Jessica and Darren McIntosh were too busy to see me when I arrived at their house one Sunday morning. When I returned later, I learned what they’d been busy with: arguing with a family member, also an addict, about a single pill of prescription painkiller she’d lost, and injecting meth to get by in its absence. Jessica, 30, and Darren, 24, were children when they started using drugs. Darren smoked his first joint when he was 12 and quickly moved on to snorting pills. “By the time I was 13, I was a full-blown pill addict, and I have been ever since,” he said. By age 14, he’d quit school. When I asked where his caregivers were when he started using drugs, he laughed. “They’re the ones that was giving them to me,” he alleged. “They’re pill addicts, too.”
When Apple announced in 2013 that its next iPhone would include a fingerprint reader, it touted the feature as a leap forward in security. Many people don’t set up a passcode on their phones, Apple SVP Phil Schiller said at the keynote event where the Touch ID sensor was unveiled, but making security easier and faster might convince more users to protect their phones. (Of course, Apple wasn’t the first to stuff a fingerprint reader into a flagship smartphone, but the iPhone’s Touch ID took the feature mainstream.)
The system itself proved quite secure—scanned fingerprints are stored, encrypted, and processed locally rather than being sent to Apple for verification—but the widespread use of fingerprint data to unlock iPhones worried some experts. One of the biggest questions that hung over the transition was legal rather than technical: How might a fingerprint-secured iPhone be treated in a court of law?
Nearly half of Americans would have trouble finding $400 to pay for an emergency. I’m one of them.
Since 2013,the Federal Reserve Board has conducted a survey to “monitor the financial and economic status of American consumers.” Most of the data in the latest survey, frankly, are less than earth-shattering: 49 percent of part-time workers would prefer to work more hours at their current wage; 29 percent of Americans expect to earn a higher income in the coming year; 43 percent of homeowners who have owned their home for at least a year believe its value has increased. But the answer to one question was astonishing. The Fed asked respondents how they would pay for a $400 emergency. The answer: 47 percent of respondents said that either they would cover the expense by borrowing or selling something, or they would not be able to come up with the $400 at all. Four hundred dollars! Who knew?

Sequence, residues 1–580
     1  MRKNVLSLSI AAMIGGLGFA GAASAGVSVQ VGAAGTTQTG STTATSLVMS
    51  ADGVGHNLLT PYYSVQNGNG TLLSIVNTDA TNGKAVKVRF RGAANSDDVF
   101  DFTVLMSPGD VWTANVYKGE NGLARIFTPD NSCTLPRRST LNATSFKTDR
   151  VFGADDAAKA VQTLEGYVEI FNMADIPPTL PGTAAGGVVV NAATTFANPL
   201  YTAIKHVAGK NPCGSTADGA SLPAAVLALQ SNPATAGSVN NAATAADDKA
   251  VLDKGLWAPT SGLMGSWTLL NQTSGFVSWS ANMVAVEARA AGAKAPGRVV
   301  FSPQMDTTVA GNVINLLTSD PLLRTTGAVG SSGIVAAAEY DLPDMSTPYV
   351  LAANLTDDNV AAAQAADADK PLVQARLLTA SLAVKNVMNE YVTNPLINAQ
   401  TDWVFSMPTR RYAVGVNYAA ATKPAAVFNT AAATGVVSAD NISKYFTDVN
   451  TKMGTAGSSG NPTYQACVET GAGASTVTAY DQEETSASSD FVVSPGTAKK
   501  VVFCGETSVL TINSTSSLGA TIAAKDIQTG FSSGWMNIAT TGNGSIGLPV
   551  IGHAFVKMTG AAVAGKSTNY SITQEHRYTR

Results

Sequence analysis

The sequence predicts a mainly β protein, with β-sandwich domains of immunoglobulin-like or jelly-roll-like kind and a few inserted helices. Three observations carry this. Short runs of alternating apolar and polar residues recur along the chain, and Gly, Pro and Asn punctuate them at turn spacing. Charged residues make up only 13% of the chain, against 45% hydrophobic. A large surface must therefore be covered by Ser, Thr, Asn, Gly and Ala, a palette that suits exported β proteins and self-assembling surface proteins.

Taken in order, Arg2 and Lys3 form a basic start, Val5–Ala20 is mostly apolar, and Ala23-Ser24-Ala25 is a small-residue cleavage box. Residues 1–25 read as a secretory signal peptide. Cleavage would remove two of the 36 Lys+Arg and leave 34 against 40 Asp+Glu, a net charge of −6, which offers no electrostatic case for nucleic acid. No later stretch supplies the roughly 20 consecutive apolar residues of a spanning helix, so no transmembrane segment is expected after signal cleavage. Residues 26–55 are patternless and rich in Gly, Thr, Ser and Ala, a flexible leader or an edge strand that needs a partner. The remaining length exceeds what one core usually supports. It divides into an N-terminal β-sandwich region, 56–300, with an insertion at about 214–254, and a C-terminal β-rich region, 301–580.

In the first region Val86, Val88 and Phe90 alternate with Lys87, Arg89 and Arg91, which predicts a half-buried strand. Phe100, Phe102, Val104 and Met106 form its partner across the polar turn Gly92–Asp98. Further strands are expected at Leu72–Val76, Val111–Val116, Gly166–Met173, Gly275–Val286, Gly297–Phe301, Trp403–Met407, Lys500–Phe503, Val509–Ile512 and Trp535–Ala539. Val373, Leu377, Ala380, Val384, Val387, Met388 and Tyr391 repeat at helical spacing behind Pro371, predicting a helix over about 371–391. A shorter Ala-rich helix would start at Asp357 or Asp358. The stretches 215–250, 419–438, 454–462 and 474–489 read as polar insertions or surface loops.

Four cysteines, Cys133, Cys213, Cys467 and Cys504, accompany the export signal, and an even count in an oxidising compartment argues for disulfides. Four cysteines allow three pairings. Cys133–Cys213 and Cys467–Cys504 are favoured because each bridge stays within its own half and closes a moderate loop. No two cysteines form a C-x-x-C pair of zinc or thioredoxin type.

For some, abandoning expensive urban centers would be a huge financial relief.
Neal Gabler has been a formative writer for me: His Winchell: Gossip, Power, and the Culture of Celebrity was one of the books that led me to think about leaving scholarship behind and write nonfiction instead, and Walt Disney: The Triumph of the American Imagination was the first book I reviewed as a freelance writer. To me, he exemplifies the best mix of intensive archival research and narrative kick.
So reading his recent essay, "The Secret Shame of Middle-Class Americans," was a gut punch: First, I learned about a role model of mine whose talent, in my opinion, should preclude him from financial woes. And, then, I was socked by narcissistic outrage: I, too, struggle with money! I, too, am a failing middle-class American! I, too, am a writer of nonfiction who should be better compensated!
It’s a paradox: Shouldn’t the most accomplished be well equipped to make choices that maximize life satisfaction?
There are three things, once one’s basic needs are satisfied, that academic literature points to as the ingredients for happiness: having meaningful social relationships, being good at whatever it is one spends one’s days doing, and having the freedom to make life decisions independently.
But research into happiness has also yielded something a little less obvious: Being better educated, richer, or more accomplished doesn’t do much to predict whether someone will be happy. In fact, it might mean someone is less likely to be satisfied with life.
That second finding is the puzzle that Raj Raghunathan, a professor of marketing at The University of Texas at Austin’s McCombs School of Business, tries to make sense of in his recent book, If You’re So Smart, Why Aren’t You Happy?Raghunathan’s writing does fall under the category of self-help (with all of the pep talks and progress worksheets that that entails), but his commitment to scientific research serves as ballast for the genre’s more glib tendencies.